Dear White Christians: For Those Still Longing for Racial Reconciliation, by Jennifer Harvey. Harvey believes that reconciliation is so desirable that we must abandon the “reconciliation paradigm.” Why? Because it fails to diagnose the situation truthfully: it obscures history and occludes whiteness, and thus undermines our ability to work at real reconciliation.
Good Food: Grounded Practical Theology, by Jennifer R. Ayres. Ayres presents good food as divine bounty and moral challenge. She rotates her crops, deftly weaving statistical analysis and moral frameworks with stories of particular practices of food faithfulness, hopefulness, and goodness.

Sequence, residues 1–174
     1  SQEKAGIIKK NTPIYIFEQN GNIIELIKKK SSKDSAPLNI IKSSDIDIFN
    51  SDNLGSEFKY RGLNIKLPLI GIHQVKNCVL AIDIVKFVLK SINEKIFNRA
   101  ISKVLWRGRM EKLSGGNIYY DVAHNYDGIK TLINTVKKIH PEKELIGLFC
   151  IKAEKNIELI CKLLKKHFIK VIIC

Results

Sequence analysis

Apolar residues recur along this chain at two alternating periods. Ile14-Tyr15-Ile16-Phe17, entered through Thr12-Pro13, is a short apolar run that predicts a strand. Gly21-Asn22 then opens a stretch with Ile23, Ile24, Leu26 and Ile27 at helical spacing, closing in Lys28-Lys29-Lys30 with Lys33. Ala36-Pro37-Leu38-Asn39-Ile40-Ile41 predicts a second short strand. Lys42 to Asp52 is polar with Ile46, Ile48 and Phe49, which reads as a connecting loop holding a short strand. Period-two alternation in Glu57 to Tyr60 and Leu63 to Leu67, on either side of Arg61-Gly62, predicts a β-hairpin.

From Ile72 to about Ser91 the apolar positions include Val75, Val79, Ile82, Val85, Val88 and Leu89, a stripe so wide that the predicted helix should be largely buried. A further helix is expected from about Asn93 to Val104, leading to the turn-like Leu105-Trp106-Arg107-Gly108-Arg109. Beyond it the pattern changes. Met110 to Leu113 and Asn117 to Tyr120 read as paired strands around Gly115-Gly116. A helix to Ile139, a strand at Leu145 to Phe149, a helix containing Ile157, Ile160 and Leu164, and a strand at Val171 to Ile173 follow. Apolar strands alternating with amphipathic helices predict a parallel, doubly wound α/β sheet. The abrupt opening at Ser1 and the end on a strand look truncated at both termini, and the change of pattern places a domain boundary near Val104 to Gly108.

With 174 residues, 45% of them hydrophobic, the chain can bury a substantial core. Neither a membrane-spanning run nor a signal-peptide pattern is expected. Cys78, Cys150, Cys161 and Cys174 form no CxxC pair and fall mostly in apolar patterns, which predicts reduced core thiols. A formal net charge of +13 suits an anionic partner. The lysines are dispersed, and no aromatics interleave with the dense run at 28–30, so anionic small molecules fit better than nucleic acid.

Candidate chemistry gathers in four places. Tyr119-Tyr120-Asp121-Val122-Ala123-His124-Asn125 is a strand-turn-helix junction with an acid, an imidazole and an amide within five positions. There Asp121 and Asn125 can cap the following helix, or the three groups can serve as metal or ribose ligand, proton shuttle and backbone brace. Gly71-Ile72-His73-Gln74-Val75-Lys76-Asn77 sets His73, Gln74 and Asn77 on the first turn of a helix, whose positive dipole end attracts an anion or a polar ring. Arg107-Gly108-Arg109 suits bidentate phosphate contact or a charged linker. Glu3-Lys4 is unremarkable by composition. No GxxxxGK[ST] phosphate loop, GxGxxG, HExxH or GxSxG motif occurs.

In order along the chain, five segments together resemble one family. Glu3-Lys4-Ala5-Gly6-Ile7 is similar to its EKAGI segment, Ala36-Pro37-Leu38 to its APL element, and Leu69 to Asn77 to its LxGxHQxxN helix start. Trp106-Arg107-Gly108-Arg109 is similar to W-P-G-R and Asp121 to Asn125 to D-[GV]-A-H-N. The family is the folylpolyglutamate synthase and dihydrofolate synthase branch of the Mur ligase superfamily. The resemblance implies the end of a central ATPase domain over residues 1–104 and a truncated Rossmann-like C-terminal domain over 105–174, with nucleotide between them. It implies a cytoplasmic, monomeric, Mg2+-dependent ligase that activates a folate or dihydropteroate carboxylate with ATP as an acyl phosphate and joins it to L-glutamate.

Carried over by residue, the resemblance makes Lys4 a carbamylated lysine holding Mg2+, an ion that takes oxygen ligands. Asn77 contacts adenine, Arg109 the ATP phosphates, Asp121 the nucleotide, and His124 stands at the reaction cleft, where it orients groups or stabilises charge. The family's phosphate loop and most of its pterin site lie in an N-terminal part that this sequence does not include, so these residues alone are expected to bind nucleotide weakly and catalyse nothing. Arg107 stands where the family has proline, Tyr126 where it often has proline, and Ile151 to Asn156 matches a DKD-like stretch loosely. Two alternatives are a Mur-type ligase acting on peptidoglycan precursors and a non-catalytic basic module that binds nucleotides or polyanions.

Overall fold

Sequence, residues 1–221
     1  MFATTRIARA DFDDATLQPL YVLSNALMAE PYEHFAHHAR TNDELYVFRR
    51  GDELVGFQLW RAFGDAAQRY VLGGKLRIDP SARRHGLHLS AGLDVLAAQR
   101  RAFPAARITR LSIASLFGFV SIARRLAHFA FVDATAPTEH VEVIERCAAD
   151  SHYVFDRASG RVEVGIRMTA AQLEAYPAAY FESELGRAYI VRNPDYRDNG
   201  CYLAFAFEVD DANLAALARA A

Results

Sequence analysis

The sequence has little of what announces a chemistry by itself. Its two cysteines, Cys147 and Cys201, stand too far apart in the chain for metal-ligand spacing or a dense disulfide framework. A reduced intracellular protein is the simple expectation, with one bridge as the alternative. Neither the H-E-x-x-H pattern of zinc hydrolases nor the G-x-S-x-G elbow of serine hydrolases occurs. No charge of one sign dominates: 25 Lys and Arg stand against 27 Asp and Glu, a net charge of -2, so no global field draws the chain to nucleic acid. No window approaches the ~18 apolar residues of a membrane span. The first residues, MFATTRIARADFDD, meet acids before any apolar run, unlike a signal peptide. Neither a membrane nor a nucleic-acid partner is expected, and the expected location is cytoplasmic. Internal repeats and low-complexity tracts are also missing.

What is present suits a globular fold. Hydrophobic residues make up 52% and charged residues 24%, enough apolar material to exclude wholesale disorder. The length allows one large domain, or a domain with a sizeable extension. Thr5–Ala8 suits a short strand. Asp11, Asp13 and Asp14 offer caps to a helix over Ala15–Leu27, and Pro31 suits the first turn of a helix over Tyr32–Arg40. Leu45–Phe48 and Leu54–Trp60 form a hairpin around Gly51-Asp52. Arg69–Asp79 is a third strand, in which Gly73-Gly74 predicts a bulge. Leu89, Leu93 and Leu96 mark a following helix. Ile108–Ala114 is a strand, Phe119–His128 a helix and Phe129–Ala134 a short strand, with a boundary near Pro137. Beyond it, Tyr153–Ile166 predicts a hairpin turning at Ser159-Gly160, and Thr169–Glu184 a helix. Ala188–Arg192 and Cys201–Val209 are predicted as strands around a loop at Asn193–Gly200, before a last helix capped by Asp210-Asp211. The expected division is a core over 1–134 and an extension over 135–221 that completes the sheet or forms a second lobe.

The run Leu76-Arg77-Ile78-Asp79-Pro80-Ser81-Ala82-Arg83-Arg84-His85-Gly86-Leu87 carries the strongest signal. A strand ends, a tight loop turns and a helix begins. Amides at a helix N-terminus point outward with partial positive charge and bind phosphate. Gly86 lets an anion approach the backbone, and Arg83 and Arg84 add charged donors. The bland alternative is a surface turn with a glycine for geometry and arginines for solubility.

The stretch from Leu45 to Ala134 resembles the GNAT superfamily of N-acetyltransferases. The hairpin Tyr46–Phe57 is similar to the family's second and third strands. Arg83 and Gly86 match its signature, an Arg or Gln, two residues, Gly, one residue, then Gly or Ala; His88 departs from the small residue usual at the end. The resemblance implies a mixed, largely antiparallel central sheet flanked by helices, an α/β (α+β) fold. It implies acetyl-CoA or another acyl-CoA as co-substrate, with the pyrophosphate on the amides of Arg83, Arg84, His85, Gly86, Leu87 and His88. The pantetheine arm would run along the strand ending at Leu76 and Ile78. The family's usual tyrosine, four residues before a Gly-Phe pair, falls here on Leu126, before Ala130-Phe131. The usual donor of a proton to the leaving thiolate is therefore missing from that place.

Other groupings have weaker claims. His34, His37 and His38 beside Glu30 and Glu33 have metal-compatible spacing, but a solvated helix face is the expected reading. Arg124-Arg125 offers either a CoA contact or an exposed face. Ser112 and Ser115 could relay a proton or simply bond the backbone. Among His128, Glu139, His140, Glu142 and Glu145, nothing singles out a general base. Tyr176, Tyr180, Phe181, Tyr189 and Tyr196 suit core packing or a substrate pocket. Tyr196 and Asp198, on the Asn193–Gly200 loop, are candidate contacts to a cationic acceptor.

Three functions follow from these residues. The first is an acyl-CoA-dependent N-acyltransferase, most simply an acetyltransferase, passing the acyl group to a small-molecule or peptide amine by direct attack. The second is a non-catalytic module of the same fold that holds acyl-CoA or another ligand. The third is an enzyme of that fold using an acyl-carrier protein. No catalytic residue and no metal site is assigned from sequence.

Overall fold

A Faith Not Worth Fighting For: Addressing Commonly Asked Questions about Christian Nonviolence, edited by Tripp York and Justin Bronson Barringer. Many people assume that Christian pacifists lack good or even coherent answers to hard questions: Shouldn’t you protect the innocent? Wouldn’t you fight for your loved ones? What about war in the Old Testament?
Alone Together: Why We Expect More from Technology and Less from Each Other, by Sherry Turkle (Basic Books, 384 pp., $28.95). Amidst the deluge of propaganda, technophilia and idolatry that masquerades as objective assessment of digital culture, Turkle offers us galoshes and a sump pump.